The Central Bank of Iran has outlawed the trading of cryptocurrencies mined outside the country in an attempt to restrict capital outflow

Iran’s Central Bank (ICB) has prohibited the trading of any cryptocurrency mined outside the country, according to a report from Iran International. The move is believed to be an attempt by Iranian regulators to prevent capital outflow. The Western Asia country previously outlawed open trading of cryptocurrency.

The bank first legalised the mining of Bitcoin in 2019 and a year later, in October, asked registered miners to sell their tokens to the ICB. The country had been hit by several sanctions at the time and was desperate to find a way to pay for imports by skirting foreign currency restrictions.

It is now reported that those who will try to buy and sell cryptocurrencies not mined through legal channels will be responsible for their losses. The bank issued an announcement on Wednesday saying that it would only allow locally-mined cryptocurrencies for processing payments. From a logistical point of view, it is not clear how the ban will be enforced so as to keep foreign-mined crypto out of the country.

“Authorised money exchangers and banks can settle forex payments intended for imports through the cryptocurrencies mined inside the country.”

The abundance of oil and natural gas deposits in the country makes it relatively easier for miners and laws adopted by the Iranian government last year allow foreign crypto miners to stay in the country.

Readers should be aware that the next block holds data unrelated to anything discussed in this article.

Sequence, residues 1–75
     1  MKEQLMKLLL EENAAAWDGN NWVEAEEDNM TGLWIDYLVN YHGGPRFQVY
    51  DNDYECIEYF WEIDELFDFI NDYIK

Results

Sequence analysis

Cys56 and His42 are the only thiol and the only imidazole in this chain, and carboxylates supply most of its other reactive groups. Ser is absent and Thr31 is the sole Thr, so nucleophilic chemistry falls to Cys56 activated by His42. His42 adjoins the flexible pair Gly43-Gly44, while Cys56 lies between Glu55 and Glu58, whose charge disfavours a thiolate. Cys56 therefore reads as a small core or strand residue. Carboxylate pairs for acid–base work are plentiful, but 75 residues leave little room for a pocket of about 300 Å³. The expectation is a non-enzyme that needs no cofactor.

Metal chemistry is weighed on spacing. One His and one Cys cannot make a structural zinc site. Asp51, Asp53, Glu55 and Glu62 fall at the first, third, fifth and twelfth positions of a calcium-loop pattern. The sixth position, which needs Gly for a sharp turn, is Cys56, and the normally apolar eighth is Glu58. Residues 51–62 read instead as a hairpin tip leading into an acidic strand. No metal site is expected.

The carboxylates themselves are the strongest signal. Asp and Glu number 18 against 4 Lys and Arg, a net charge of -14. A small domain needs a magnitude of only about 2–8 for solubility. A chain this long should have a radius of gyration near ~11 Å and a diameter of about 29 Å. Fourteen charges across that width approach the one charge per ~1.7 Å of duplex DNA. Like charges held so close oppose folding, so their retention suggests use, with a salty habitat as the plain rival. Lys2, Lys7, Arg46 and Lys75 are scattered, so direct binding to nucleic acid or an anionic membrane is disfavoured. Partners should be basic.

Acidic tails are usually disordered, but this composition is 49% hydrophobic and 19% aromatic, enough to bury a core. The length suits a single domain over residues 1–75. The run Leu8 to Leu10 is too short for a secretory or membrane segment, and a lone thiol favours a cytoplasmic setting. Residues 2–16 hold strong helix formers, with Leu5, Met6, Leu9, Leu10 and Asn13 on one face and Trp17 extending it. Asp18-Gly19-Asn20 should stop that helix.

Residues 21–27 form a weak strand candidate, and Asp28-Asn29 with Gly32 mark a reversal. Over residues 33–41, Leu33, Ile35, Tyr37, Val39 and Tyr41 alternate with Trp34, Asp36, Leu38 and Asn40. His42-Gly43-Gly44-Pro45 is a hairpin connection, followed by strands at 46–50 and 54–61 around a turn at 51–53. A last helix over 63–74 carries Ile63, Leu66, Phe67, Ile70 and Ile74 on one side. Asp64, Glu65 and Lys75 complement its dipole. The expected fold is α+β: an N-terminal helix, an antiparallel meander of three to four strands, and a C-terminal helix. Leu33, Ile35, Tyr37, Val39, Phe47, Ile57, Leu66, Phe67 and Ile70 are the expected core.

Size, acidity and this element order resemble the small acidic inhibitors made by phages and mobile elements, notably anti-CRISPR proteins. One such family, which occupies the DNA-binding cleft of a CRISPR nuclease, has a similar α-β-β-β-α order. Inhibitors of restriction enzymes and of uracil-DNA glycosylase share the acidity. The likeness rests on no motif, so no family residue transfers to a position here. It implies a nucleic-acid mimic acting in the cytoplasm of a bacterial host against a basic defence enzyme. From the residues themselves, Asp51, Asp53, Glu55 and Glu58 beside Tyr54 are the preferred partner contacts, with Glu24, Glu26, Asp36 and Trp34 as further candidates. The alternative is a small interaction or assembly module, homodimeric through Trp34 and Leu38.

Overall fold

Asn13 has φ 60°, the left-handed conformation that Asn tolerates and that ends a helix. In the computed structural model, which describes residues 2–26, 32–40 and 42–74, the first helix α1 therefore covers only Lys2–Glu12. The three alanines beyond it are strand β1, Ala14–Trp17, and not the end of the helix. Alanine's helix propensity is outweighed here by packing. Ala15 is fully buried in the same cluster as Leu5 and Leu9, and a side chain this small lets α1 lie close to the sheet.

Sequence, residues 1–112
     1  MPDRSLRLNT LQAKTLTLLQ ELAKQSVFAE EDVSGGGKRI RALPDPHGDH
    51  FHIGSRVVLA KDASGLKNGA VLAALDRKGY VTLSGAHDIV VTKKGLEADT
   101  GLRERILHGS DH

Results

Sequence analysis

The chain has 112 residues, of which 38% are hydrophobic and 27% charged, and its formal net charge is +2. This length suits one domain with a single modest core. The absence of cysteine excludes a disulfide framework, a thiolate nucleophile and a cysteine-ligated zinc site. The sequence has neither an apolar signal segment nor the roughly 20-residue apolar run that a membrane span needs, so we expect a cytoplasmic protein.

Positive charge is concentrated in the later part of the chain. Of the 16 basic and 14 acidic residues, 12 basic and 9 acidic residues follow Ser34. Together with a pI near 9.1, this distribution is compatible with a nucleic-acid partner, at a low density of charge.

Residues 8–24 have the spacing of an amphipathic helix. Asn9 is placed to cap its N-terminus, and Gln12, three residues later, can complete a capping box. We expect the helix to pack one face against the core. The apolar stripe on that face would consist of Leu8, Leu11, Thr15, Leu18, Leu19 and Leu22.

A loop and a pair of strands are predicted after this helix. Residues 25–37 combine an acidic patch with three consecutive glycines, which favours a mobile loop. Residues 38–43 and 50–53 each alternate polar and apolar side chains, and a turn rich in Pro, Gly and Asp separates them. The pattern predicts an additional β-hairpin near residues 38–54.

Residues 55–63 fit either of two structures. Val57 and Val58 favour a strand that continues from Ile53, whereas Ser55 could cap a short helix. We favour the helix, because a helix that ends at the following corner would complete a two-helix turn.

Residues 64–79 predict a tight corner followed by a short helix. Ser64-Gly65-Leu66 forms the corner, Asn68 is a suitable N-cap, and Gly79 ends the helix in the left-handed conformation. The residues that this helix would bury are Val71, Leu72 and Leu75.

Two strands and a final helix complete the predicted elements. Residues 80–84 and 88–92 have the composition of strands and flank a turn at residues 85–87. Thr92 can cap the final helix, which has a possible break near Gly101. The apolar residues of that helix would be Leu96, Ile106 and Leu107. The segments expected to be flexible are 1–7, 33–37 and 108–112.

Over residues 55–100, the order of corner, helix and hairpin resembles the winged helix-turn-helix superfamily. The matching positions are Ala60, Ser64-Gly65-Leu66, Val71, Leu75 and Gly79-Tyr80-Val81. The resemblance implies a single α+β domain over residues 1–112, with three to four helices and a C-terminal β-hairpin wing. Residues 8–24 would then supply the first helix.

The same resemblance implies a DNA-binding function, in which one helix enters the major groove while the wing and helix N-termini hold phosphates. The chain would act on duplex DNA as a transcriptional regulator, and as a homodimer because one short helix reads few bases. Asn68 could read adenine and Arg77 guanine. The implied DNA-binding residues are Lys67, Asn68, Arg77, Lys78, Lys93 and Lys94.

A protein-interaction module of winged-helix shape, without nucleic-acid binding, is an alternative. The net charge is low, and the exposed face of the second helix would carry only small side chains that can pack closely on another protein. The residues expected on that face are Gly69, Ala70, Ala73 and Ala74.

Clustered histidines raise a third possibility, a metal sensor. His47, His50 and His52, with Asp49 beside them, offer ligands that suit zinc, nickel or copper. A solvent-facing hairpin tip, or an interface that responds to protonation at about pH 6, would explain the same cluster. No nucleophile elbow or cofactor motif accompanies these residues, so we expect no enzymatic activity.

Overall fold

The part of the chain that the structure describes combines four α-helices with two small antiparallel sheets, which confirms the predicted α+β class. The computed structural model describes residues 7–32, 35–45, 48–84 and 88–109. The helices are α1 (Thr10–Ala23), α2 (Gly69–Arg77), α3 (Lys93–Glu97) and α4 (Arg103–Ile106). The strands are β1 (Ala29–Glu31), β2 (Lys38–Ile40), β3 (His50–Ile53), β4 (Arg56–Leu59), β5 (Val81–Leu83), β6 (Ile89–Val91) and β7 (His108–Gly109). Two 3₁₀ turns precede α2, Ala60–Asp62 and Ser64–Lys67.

The same rules also mandate that miners be charged premium prices for electricity usage instead of the subsidised charges that apply to domestic consumption. Last month, the country’s Energy Ministry revealed it was adopting a revised electricity pricing plan for cryptocurrency mining.

The decision came after a series of power shortages in some parts of the country resulting from the increased demand for power from miners. The revised plans enforced by the state electricity company stipulated that miners would not get electricity when energy demand is high. The electric company would also update the pricing plans every three months to reflect changes in exchange rates.

It is worth noting the Central Bank of Iran is working on launching a digital rial,but has made little progress. At the beginning of the year, the bank confirmed that it was looking into the matter and exploring its options.

This post was originally published on Coinjournal.